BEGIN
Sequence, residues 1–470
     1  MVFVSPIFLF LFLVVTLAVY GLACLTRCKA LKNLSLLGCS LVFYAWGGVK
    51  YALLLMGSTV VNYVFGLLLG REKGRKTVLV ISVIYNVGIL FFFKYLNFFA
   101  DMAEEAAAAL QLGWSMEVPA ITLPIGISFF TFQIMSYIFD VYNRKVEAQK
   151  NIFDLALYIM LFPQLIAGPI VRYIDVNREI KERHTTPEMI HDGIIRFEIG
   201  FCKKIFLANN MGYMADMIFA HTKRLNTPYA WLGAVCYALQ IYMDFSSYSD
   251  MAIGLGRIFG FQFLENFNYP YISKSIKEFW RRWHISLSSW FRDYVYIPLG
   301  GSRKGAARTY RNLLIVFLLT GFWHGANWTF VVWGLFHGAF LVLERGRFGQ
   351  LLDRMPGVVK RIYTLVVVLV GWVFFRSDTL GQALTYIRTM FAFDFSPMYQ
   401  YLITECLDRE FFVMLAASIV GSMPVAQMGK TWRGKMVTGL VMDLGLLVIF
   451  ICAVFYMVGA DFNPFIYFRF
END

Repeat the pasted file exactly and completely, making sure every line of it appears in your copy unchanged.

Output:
Sequence, residues 1–470
     1  MVFVSPIFLF LFLVVTLAVY GLACLTRCKA LKNLSLLGCS LVFYAWGGVK
    51  YALLLMGSTV VNYVFGLLLG REKGRKTVLV ISVIYNVGIL FFFKYLNFFA
   101  DMAEEAAAAL QLGWSMEVPA ITLPIGISFF TFQIMSYIFD VYNRKVEAQK
   151  NIFDLALYIM LFPQLIAGPI VRYIDVNREI KERHTTPEMI HDGIIRFEIG
   201  FCKKIFLANN MGYMADMIFA HTKRLNTPYA WLGAVCYALQ IYMDFSSYSD
   251  MAIGLGRIFG FQFLENFNYP YISKSIKEFW RRWHISLSSW FRDYVYIPLG
   301  GSRKGAARTY RNLLIVFLLT GFWHGANWTF VVWGLFHGAF LVLERGRFGQ
   351  LLDRMPGVVK RIYTLVVVLV GWVFFRSDTL GQALTYIRTM FAFDFSPMYQ
   401  YLITECLDRE FFVMLAASIV GSMPVAQMGK TWRGKMVTGL VMDLGLLVIF
   451  ICAVFYMVGA DFNPFIYFRF